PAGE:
crawling on it I did not know.
Right then, I didn’t
care. I had to get to the ground.
After casting a
glance over my shoulder to see the monster still struggling to free
itself, I took a deep breath. I took a deep breath, then slid onto my
butt before flipping onto my hands and knees and sliding the first
foot onto the latticework.
The monster broke
through the window as my hands left the roof. Unable to find
purchase, it slipped, stumbled, then fell, only barely missing me. It
hit the ground with a grisly crack.
I looked down. Its
body twitched, its eyes flickered, its black tongue slipped from its
mouth. Then the light in its eyes went out and it stopped moving.
Convinced I was
safe, I climbed down with a speed I could’ve never possibly
imagined and planted my feet on the ground. My heart threatened to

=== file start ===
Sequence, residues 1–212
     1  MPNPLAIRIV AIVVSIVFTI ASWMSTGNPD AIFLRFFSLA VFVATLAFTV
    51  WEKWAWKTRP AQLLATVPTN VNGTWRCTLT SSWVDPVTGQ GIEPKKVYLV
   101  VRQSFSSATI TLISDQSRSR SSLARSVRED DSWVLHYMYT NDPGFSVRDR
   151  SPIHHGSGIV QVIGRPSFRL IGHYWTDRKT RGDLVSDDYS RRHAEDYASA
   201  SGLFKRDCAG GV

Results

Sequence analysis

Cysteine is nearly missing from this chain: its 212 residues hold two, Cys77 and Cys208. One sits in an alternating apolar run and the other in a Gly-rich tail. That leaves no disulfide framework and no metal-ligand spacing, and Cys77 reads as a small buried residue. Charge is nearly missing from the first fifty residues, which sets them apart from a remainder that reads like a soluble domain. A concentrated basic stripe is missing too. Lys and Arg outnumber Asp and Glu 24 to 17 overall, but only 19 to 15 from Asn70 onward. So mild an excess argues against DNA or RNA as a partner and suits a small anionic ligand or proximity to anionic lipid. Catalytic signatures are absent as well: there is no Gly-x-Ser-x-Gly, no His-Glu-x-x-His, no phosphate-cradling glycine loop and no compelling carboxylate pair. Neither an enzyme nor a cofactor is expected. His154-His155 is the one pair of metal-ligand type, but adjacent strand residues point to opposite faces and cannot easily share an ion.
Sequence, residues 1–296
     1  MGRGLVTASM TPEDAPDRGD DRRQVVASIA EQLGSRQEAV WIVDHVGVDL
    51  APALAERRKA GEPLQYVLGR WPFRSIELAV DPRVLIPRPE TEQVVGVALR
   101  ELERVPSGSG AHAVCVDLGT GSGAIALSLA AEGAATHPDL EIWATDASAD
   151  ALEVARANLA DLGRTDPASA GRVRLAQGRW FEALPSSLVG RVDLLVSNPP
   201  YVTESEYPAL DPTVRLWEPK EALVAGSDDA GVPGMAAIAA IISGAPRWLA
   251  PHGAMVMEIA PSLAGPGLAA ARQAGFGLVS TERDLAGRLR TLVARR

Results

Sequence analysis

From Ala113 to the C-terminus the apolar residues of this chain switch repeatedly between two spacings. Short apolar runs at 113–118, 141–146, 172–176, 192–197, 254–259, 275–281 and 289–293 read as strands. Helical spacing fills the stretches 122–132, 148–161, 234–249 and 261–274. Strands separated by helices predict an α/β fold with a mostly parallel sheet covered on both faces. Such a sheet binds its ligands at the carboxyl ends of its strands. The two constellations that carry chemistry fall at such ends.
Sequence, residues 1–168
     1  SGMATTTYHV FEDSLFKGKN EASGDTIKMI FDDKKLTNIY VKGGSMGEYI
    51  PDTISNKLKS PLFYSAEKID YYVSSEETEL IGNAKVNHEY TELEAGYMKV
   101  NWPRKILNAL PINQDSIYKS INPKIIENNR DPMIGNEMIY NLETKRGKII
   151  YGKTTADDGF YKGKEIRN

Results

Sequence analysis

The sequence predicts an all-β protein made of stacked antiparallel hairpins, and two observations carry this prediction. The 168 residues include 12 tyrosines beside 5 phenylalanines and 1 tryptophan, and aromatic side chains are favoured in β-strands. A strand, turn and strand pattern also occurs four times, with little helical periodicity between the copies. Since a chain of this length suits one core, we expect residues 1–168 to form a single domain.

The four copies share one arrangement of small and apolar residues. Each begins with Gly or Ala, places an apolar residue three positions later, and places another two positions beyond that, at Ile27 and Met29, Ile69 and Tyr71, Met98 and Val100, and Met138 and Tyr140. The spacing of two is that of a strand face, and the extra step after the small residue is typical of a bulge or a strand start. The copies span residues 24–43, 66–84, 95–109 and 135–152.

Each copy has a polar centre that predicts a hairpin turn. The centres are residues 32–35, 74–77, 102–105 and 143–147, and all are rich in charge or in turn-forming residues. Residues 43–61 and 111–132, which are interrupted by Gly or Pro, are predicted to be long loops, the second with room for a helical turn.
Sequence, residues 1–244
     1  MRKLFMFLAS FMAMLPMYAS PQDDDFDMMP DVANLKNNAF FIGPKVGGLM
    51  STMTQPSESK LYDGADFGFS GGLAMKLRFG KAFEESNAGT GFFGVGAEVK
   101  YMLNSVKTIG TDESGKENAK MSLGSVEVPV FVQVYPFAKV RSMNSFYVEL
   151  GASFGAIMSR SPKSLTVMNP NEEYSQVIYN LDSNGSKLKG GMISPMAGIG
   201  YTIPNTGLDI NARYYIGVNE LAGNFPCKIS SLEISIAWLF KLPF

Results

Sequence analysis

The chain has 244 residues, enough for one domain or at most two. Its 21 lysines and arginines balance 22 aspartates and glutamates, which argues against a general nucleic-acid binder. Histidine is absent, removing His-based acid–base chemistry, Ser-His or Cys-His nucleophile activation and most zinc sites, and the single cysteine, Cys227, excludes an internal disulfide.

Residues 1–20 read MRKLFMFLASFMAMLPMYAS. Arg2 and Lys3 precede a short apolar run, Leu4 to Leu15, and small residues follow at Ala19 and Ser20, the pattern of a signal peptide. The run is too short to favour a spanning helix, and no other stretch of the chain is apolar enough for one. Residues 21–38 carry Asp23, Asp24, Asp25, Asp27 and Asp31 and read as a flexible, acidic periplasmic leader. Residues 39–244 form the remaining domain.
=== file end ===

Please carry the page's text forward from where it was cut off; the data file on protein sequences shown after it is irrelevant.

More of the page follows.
burst out of my chest, my thoughts racing as I stared at the dead
What had happened?
Where were my mother
and father? What had taken them? What was this thing
lying dead at my feet?
All those questions,
with absolutely no answers, assaulted me. Though I wasn’t normally
prone to crying, tears stung my eyes. I was completely and utterly
A scream rent the
Lifting my head, I
scanned the road.
In the distance,
another disk-shaped aircraft tore across the sky, skimming the tops
of houses and knocking free the brickwork chimneys that fed from
their fireplaces. Debris sailed through the air, making a cacophony
of sound as it hit the ground.
Lights similar to
the ones from before lit the night.
More of the monsters
stepped into the street.
I had no choice.
been standing in bushes, in front yards, beneath the awnings of other
homes—gave pursuit. Their footfalls slapped against the asphalt and
caused every nerve in my body to alight in flames. It was like I was
running the triathlon of my life—and, if I wanted to be honest with
myself, the triathlon for
my life. I couldn’t afford to stop for anything.
My lungs burned, my
legs throbbed, my feet felt like there were thousands of tiny glass